Boys Orphanage,Tuition Center, few Slum pics in Bangalore..

The Face Moll-ing

So, seeing as we are in India, and all the women here have pierced noses, we decided to try and get our noses pierced. For those of you who know me well, I have had my nose pierced 4 times, but every time it seems to get ripped out or infected, but I thought heck...fifth times a charm right? Kate had her nose pierced on her last trip here, so we figured we should give it a shot. We met up with one of Kate's local friend who was going to help us find a decent place to get them done. We found a jewelery shop and Somya talked to the guy for us in Kannada, then told us to pick out some earrings, and that we could get them done here. So, we each picked out a nice small gold earring with a little diamond in the middle. Kate was going to go first, but then she started to get a little nervous (with good reason), and I said "No problem, I'll go first."

Without even washing his hands, or marking the spot on my nose he was going to pierce, then man came from behind the counter and sat me down on a little bench. He opened a container that looked like it had an ice pick in it, that was soaking in alcohol (hopefully). Then, so quickly the guy shoved one finger up my nostril then started jabbing me with the ice pick! Usually when you get your nose pierced, you feel intense pressure and pain as the needle goes through, then as they remove it the quickly slip the earring in, and the whole procedure takes about 20 seconds. These are under ideal circumstances...and certainly not what happened to me.

The guy poked the pick through two times, then on the second time he pushed it through so hard that it actually pierced the inside of my nose too! I kept thinking the earring was in my nose, but as I squeezed Kate's hand, the guy actually walked away from me and left the pick in my nose as it was sliding down, creating an even bigger gash! It was so funny, because at one point I looked up and Kate and she was white faced, and shaking just as bad as I was, and she looked at me and said, "I don't want to do it anymore," and I just looked right back at her and said "you don't have to!"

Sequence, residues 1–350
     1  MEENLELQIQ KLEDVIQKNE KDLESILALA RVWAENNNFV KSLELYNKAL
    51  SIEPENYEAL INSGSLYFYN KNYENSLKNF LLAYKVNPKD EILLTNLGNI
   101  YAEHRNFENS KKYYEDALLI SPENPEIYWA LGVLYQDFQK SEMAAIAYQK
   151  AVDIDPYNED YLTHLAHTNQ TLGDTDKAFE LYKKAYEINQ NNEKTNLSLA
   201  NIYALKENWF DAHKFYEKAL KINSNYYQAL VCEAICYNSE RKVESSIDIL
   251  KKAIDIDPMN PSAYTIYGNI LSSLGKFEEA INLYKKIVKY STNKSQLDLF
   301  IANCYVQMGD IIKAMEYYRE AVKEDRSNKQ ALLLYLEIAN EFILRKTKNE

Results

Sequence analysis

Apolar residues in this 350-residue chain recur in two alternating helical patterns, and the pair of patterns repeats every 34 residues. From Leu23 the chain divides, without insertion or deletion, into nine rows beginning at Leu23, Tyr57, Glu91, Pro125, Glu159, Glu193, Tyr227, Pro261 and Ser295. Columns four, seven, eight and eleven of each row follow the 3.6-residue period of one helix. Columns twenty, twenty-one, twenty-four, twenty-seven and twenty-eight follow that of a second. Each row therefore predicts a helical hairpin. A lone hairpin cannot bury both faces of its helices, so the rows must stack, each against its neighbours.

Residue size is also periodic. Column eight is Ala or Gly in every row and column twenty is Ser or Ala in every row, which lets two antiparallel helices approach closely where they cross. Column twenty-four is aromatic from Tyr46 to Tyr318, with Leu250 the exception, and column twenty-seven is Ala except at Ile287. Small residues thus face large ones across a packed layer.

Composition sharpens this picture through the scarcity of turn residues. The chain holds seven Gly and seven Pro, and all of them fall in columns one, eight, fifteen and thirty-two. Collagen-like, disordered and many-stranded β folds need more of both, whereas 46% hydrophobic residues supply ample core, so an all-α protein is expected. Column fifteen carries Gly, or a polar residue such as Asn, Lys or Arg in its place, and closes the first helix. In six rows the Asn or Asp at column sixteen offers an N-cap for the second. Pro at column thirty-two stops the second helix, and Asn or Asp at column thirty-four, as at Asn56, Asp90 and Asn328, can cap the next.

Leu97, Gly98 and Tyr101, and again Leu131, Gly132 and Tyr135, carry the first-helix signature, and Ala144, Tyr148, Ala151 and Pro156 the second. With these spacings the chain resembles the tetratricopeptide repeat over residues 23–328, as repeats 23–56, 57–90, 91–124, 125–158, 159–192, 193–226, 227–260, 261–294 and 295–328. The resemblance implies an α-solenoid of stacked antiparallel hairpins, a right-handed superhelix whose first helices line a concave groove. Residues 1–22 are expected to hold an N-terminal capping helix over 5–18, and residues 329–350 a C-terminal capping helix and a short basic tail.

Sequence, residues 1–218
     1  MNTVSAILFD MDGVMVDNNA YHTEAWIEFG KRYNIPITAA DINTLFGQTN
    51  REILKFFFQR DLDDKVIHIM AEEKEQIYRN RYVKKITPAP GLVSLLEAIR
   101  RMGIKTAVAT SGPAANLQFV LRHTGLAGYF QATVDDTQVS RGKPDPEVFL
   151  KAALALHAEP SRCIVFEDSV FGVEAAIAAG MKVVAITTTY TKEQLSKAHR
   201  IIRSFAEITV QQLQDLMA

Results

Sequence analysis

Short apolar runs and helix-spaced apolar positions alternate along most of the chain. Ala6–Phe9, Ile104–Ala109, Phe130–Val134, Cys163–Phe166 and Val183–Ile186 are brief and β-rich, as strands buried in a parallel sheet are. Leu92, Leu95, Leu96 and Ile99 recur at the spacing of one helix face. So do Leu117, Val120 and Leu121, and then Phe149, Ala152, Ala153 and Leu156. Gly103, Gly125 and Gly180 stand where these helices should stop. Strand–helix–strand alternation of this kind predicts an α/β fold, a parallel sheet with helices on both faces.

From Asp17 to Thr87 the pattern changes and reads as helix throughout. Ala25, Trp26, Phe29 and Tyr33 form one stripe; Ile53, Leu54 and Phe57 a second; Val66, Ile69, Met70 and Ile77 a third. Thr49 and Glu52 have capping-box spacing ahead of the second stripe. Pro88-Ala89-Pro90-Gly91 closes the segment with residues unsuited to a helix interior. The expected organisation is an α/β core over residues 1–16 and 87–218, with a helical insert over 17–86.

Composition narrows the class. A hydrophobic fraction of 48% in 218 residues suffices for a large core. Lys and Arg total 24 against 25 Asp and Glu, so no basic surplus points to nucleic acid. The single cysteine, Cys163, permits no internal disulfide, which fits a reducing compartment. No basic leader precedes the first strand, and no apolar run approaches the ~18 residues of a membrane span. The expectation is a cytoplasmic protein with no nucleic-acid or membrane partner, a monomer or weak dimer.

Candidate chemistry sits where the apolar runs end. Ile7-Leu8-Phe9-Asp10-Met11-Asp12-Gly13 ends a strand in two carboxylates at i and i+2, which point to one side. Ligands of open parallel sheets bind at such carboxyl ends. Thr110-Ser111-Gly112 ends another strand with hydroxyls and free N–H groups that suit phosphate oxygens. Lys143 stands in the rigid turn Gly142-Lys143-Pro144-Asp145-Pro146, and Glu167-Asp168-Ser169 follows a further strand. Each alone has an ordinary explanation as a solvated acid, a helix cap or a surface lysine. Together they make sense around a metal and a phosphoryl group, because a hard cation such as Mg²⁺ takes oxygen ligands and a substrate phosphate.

Apparently the guy was so excited to shove the pick through my nose that he forgot the earring! So, as he approached me again, I tensed up as he removed the pick. Right as I thought he was going to insert the earring and it was all going to be over, he dropped the earring on the ground and tried to pick it up and put the dirty thing in my nose.

Kate and I both protested so he shoved the pick back in my nose and went to get a new earring. By this time, it had been about two minutes, and blood and tears were covering my face. As he approached me again he said that he needed to put the pick through one more time. That was when Kate and I threw up our arms and said "NO!" We told him to just stop, and I took the pick out of my nose as I was shaking in total shock.

All I wanted to do was get the thing cleaned and get the hell out of there, but then it turned into a question of what we were going to pay for the face Moll-ing. He wanted me to pay for the earring, but there was a huge crack in it, so after much debating, Kate pretty much just pulled me out of the shop, as the man sat there saying "very funny!"

Luckily I was able to find an antiseptic wipe, but I was still pretty paranoid about infection. I had to ride on the back of Somya's motorbike through Bangalore, and I was just thinking about all the pollution that was probably getting in it! Luckily we were able to make it back to the house after a few hours and get some antibiotic cream and a bandaid on it before we had to take another 15 hour train ride.

So basically I have decided that I never want to get my nose pierced again. 5 times is definitely not a charm! Kate still wants to get hers done, but this time we are going to make sure it's some professional, and not some guy that is just ice-pick happy who I'm pretty sure had never done the procedure before!!!

Pics of Bangalore Streets and Market

Monday, March 29, 2010


Hi all, This is Kate here...